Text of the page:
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Location: Kingdom of eSwatini

Southern African Alliance for Youth Employment


The Southern African region (SADC) has a large youth population and low levels of decent employment for its youth, resulting in high levels of youth unemployment and underemployment. The lack of formal employment, irregularity of work and social protection means that youth in the SADC region face poverty and inequality.

Researchers have described the effect of this insecurity on youth as a ‘transitional limbo’. Without a secure income, young people are unable to meet their social roles that accompany adulthood. These challenges are compounded by a lack of credible information and a lack of mobilisation around youth employment. Youth voices in designing and implementing prevalent national and regional youth employment strategies and policies has been limited.


The Southern African Alliance for Youth Employment (SAAYE) was formally established in February 2016 by the Economic Justice Network with the Commonwealth Foundation’s support. The Alliance is made up of representatives from trade unions, church councils, student unions, and civil society organisations across nine Southern African nations. Trade unions, churches and the civil society organisations, cumulatively have considerable potential power to determine the shape of policy for youth employment in Southern Africa.

The Economic Justice Network (EJN) performs as the Secretariat of SAAYE. SAAYE aims to play a coordinating and facilitating role for youth formations to inform and influence public discourse about youth employment; contribute to reforming employment and youth related policy; and, to hold governments accountable to their commitments to address youth unemployment across the SADC region – both nationally and regionally.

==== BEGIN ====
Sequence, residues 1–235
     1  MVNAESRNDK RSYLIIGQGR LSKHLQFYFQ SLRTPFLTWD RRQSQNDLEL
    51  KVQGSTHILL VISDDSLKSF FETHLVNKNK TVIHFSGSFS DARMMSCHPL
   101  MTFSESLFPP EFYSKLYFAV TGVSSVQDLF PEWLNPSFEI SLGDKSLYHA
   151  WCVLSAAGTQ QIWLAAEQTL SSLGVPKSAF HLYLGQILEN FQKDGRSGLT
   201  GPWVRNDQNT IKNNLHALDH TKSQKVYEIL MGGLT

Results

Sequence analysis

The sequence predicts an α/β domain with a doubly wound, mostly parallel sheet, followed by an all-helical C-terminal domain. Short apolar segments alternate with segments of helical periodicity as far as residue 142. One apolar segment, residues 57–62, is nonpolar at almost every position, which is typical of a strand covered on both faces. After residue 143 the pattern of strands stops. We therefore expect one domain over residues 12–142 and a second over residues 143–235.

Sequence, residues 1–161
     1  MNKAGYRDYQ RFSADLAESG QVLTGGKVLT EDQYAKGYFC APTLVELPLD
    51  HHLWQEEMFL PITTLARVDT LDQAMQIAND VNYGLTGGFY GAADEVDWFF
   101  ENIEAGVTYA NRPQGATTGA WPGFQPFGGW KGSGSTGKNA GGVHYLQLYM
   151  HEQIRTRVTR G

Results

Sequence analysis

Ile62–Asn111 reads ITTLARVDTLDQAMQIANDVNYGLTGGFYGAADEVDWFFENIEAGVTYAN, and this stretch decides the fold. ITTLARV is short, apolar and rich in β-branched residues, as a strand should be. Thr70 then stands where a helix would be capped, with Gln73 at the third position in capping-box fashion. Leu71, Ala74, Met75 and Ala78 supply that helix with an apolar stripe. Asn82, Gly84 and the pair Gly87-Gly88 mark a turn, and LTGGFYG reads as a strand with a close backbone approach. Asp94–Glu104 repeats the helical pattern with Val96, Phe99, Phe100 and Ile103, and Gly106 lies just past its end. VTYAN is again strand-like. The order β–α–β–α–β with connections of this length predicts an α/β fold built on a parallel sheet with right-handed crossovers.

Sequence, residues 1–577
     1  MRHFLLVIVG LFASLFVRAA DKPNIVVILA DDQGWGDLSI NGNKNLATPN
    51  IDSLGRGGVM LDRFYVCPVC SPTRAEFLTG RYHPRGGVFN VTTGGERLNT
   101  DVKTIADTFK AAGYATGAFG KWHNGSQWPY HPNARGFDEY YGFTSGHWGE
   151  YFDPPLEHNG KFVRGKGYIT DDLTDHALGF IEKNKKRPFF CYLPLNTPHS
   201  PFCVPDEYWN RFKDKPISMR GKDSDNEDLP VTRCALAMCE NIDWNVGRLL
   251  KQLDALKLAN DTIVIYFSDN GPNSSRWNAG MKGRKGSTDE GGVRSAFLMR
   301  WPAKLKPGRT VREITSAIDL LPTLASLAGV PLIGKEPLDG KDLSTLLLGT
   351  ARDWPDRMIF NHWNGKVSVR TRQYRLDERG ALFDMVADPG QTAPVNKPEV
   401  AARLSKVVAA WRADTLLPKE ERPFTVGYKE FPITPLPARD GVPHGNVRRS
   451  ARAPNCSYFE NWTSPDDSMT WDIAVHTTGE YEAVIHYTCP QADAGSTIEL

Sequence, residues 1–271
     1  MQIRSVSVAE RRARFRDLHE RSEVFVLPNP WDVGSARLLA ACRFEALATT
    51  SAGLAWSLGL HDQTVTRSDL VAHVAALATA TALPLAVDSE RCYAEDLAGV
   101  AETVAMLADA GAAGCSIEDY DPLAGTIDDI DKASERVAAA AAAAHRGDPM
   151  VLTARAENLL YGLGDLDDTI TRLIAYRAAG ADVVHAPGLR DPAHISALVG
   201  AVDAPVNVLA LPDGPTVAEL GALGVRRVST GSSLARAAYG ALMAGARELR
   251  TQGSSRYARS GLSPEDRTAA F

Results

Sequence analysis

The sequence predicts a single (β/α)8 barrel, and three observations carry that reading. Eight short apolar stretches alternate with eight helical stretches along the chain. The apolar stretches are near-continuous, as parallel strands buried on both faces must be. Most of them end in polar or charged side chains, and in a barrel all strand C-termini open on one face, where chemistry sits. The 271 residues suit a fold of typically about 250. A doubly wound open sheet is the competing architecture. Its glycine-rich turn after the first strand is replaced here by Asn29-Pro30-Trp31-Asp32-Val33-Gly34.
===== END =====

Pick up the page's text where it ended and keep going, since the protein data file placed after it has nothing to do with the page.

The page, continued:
The Commonwealth Foundation’s capacity development approach has facilitated training, engagement and development of structures within the Alliance. A six member Working Group serves as the highest decision-making body of SAAYE. They also represent the Alliance at events such as the SADC-CNGO Civil Society Forum and to plan regional actions.

Strengthening women’s voices to advocate for women’s land rights


There exists, in African countries, a drive to continue strengthening leadership of African women, tackling patriarchy and empowering them for a secure and just Africa.


Akina Mama wa Afrika (AMwA) are strengthening the voice of women to advocate for secure and equitable land rights in Southern Africa.

This project aims to strengthen the collective voice of women to talk about large scale land acquisitions in Southern Africa, and promote women’s access to land in Namibia, Kingdom of eSwatini and Zambia.

This will be achieved by building the capacity of women’s organisation members in these countries to undertake and publish feminist research on the effects of land acquisitions on women, and conduct advocacy campaigns with affected communities and policy makers.

Women’s experiences will be documented in their own words in the form of oral ‘herstories’ through which women will articulate the challenges, gaps, successes and strategies employed in control and access to land rights.

It is expected that by the end of the project, women will have access to important advocacy documents and research, which can be used as tools to raise awareness of and advocate for stronger land rights for women.

Akina Mama wa Afrika

Akina Mama wa Afrika (AMwA) is an international, Pan-African, non-governmental organisation for African women with its headquarters in Uganda. It was founded to create space for African women to organise, build links with each other and speak for themselves. AMwA has been working to build African women’s leadership capacities since its creation, acting as a training centre and an advocacy engine for the African women’s movement. The organisation aims to: influence policies that affect African women at national, regional and international levels; strengthen and promote African women’s feminist leadership; participate in the construction of a feminist epistemology by African women.

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